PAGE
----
Inequalities in breast cancer stage at diagnosis in the Trent region, and implications for the NHS Breast Screening Programme
Journal of public health
A B S T R AC T Background This study investigates risk factors for diagnosis with late-stage breast cancer in order to identify inequalities and inform the understanding of barriers affecting access to mammography screening. Methods Data from the Trent Cancer Registry were used to identify all women with invasive breast cancer, diagnosed in 1998-2006. Risk of diagnosis with late-stage breast cancer was calculated to quantify strength of association between exposure and outcome. Results Women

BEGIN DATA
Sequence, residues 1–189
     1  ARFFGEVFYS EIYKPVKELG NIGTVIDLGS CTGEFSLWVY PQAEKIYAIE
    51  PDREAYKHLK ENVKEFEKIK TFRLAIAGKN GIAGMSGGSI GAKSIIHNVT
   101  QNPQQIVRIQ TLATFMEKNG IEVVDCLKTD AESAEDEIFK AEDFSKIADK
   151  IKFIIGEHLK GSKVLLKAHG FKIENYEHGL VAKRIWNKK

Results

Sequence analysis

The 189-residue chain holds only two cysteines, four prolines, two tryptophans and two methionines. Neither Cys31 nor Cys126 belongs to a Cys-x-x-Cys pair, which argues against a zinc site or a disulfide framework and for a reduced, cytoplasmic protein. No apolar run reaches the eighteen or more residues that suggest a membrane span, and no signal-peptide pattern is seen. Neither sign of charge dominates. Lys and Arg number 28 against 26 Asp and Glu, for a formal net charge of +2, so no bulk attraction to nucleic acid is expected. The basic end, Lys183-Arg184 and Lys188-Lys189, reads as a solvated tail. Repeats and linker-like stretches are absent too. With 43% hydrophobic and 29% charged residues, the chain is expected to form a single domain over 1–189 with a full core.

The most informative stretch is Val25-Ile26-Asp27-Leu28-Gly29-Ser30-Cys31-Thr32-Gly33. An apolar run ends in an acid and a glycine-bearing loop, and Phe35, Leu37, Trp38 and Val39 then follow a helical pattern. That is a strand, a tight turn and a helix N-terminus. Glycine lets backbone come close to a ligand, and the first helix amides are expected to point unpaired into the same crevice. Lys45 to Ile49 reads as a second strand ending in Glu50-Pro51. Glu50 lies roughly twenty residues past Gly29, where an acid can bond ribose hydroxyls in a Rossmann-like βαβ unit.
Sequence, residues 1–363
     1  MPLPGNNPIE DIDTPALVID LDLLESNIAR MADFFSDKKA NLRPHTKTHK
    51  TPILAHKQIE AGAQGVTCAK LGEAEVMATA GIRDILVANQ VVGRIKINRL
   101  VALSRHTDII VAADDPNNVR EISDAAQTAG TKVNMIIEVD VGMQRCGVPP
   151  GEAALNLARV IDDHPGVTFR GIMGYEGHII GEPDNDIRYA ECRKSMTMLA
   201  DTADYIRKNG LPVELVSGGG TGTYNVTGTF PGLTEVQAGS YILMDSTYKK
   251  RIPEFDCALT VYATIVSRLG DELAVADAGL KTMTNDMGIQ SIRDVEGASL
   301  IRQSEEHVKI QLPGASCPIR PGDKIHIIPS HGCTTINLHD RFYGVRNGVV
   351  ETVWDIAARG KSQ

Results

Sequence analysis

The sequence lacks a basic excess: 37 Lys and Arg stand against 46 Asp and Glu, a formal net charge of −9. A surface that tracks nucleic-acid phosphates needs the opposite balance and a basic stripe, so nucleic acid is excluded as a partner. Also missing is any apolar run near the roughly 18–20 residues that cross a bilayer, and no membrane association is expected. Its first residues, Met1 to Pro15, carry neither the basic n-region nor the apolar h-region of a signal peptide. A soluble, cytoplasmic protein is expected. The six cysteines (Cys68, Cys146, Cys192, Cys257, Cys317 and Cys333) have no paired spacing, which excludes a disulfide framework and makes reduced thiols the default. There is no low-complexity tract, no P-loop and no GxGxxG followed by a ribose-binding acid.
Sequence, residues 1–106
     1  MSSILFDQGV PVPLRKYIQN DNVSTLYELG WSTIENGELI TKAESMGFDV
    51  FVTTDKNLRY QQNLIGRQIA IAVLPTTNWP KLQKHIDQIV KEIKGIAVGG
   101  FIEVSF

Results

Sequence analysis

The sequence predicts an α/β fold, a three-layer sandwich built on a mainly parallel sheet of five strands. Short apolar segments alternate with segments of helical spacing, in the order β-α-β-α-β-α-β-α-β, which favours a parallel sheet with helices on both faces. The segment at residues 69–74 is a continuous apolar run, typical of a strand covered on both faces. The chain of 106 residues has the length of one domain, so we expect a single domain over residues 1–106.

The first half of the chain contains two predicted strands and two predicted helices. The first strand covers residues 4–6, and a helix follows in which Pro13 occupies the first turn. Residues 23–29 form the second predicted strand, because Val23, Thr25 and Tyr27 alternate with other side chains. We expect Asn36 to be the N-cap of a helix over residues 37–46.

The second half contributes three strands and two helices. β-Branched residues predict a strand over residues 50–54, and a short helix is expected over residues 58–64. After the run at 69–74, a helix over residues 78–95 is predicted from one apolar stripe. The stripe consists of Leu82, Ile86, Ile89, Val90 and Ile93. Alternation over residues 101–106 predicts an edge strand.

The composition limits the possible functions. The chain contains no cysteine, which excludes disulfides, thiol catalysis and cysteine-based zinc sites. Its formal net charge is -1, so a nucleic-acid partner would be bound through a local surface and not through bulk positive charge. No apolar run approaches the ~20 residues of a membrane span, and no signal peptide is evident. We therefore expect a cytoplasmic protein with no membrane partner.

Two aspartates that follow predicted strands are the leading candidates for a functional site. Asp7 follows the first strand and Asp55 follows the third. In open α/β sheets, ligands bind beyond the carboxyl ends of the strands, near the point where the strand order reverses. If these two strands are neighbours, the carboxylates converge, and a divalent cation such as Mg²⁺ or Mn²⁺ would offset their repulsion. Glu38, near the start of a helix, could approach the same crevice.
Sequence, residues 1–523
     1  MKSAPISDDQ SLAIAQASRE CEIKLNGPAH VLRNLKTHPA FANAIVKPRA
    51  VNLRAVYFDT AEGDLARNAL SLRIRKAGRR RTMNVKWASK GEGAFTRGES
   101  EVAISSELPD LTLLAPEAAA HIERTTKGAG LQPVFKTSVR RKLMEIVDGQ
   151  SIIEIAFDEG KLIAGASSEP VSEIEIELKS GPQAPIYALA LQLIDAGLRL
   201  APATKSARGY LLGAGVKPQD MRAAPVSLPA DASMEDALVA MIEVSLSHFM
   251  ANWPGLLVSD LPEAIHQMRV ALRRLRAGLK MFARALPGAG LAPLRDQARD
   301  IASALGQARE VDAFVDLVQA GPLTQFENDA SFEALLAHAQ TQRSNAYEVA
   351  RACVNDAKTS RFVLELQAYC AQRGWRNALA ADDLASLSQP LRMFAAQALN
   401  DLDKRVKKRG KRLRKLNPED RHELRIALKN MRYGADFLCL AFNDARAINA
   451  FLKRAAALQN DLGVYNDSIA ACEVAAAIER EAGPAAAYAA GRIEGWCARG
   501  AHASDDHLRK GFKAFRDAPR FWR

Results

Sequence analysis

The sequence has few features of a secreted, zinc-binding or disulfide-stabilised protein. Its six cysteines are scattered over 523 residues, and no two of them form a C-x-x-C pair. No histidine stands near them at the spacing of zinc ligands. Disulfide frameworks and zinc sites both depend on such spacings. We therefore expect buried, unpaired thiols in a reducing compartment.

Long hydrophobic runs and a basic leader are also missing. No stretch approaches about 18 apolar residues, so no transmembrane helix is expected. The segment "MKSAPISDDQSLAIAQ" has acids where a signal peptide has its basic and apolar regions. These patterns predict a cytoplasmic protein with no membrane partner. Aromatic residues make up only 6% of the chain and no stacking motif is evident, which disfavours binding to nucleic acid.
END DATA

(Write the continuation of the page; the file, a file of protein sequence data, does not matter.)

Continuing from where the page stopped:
... e. Results Women outside the age group for routine screening were approximately 30% [,50 years, relative risk (RR) ¼ 1.34 (95% confidence interval, CI: 1.26-1.43) and .70 years, RR ¼ 1.27 (95% CI: 1.19-1.36)] more likely to be diagnosed with late-stage breast cancer; the most deprived women were 37% [RR ¼ 1.37 (95% CI: 1.01-2.56)] more likely to be diagnosed with Stage IV breast cancer; ethnic minority women were 15% [RR ¼ 1.15 (95% CI: 1.09-1.22)] more likely to be diagnosed with late-stage breast cancer and women resident in 5 of 11 Trent Primary Care Trusts (PCT) had a greater than 30% increased risk of diagnosis with late-stage breast cancer than those in Nottingham City PCT. Conclusion These findings highlight the need for appropriate targeted interventions to address compositional and contextual inequalities that are evident in breast cancer stage at diagnosis.